Help Me To Die, O Lord

ONCE TO EVERY MAN and nation, they say, comes the moment to decide.

But, reflecting upon the carnage of the Somme, the spirit revolts at such a dinky formula. It was the nation’s leaders who tended to decide, and the nation’s young who tended to die. The Somme was full of death and no single episode during the Great War did more to feed the myth of lions led by donkeys.

Haig had long been keen to launch a major offensive, for a range of very good reasons. The French badly needed relief following months of catastrophic suffering at Verdun, and the credibility of Britain as both a military power and an honourable ally hung in the balance until she made an equivalent investment.

Sir William Robertson, Chief of the Imperial General Staff, acknowledged a further motive: “to inflict as heavy losses as possible upon the German armies”. That sounds fair enough — less inflammatory than Falkenhayn’s torrid ambition “to bleed the French Army white” — but not, in reality, substantively different.

Although the poilus who had taken such fearful punishment at Verdun may not have believed it, the British Army had taken a significant beating all of its own. From 19 December to 30 June, it had lost 5,845 officers and 119,296 other ranks in “small operations”. As commanders prepared now to launch a front 25 miles north and south of the River Somme, they were only too conscious that many of their rank-and-file were raw conscripts, and that German artillery and machine guns could rip any number of them apart.

Hence came the decision by British commanders to launch a savage bombardment of German front-line defences in the days leading up the actual assault. On this matter, theory and reality were brutally polarised.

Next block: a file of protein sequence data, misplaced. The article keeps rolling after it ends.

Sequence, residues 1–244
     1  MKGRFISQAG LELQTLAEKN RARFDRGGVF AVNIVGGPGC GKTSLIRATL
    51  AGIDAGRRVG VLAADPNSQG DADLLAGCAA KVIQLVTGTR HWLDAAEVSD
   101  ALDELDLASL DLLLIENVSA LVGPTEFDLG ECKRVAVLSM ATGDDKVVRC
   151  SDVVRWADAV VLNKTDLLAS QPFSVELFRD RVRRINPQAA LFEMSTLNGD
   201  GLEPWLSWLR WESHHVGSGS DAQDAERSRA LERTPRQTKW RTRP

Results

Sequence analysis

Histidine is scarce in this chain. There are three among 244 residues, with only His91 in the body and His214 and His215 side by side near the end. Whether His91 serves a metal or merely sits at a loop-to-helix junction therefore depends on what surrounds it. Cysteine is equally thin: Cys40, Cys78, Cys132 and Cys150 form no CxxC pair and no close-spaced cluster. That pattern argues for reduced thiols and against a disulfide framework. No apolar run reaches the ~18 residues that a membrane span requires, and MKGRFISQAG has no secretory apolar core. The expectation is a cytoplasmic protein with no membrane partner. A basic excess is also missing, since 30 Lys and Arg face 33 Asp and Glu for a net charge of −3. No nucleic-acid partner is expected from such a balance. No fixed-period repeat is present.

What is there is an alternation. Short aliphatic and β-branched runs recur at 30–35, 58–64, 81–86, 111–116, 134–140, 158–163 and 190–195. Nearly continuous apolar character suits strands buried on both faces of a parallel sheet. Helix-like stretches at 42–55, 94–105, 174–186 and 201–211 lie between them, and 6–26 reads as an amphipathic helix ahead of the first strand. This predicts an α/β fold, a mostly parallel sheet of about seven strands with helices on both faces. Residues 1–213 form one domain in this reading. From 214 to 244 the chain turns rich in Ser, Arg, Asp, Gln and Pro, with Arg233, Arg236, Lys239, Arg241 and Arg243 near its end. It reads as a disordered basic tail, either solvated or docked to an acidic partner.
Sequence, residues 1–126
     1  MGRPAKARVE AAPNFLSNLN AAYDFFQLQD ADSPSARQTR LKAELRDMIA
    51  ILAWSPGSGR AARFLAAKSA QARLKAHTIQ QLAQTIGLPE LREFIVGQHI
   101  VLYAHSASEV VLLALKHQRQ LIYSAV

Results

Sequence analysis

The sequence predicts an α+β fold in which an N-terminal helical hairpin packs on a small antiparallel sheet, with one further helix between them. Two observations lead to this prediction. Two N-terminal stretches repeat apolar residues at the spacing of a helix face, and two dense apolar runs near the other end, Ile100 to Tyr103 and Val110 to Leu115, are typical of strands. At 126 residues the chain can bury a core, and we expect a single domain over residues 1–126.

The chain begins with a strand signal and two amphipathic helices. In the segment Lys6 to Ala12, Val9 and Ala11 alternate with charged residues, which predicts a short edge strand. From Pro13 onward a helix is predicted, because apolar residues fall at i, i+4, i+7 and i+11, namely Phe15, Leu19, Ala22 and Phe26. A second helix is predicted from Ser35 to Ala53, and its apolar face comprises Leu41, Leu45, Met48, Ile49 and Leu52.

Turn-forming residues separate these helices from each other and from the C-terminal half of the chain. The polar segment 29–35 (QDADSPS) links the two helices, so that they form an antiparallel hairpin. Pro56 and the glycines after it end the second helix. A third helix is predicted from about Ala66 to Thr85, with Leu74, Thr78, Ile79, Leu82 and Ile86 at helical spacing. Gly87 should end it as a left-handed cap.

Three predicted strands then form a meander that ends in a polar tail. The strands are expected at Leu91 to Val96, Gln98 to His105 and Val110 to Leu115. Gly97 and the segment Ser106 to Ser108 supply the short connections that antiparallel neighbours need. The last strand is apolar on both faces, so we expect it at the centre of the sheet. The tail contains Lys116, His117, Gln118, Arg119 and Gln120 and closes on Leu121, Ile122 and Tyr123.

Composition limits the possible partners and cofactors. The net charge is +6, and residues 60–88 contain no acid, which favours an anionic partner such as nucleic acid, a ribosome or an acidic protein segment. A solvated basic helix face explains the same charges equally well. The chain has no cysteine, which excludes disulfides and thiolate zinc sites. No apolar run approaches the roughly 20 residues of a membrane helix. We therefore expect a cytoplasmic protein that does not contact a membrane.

At its most complacent, troops were encouraged to believe that, by the time the order came to go over the top, a “mopping up” operation would be all that was required. Some junior officers were even advised: “You will be able to go over the top with a walking stick … You will find the Germans all dead, not even a rat will have survived”.

Such reassuring words were, of course, exactly what many deeply anxious soldiers and junior officers wished most to hear. They were also made more believable by the ferocity of the assault which unfolded before the eyes and ears of fascinated and terrified Tommies. Over one and a half million shells were fired in those days, more than the British had fired in the first twelve months of the war. The noise, famously, was heard across the Channel.

As is widely known, the bombardment promised more than it delivered. Hindsight allows limitations which were not apparent at the time to become painfully clear. For instance, we can now see that it sacrificed impact for width and depth; that the British had fewer heavy guns than the French; that, although severe damage was inflicted and many Germans killed or traumatised, many shells were duds which contained only shrapnel, not the heavy explosives needed to penetrate the deep German dug-outs.

These qualifiers would have meant nothing to those who lived through such terrors. On 30 June, a young German corporal recorded the effect of the noise: “One’s head is like a madman’s. The tongue sticks to the mouth in terror. Continual bombardment and nothing to eat or drink and little sleep for five days and nights. How much longer can this go on?”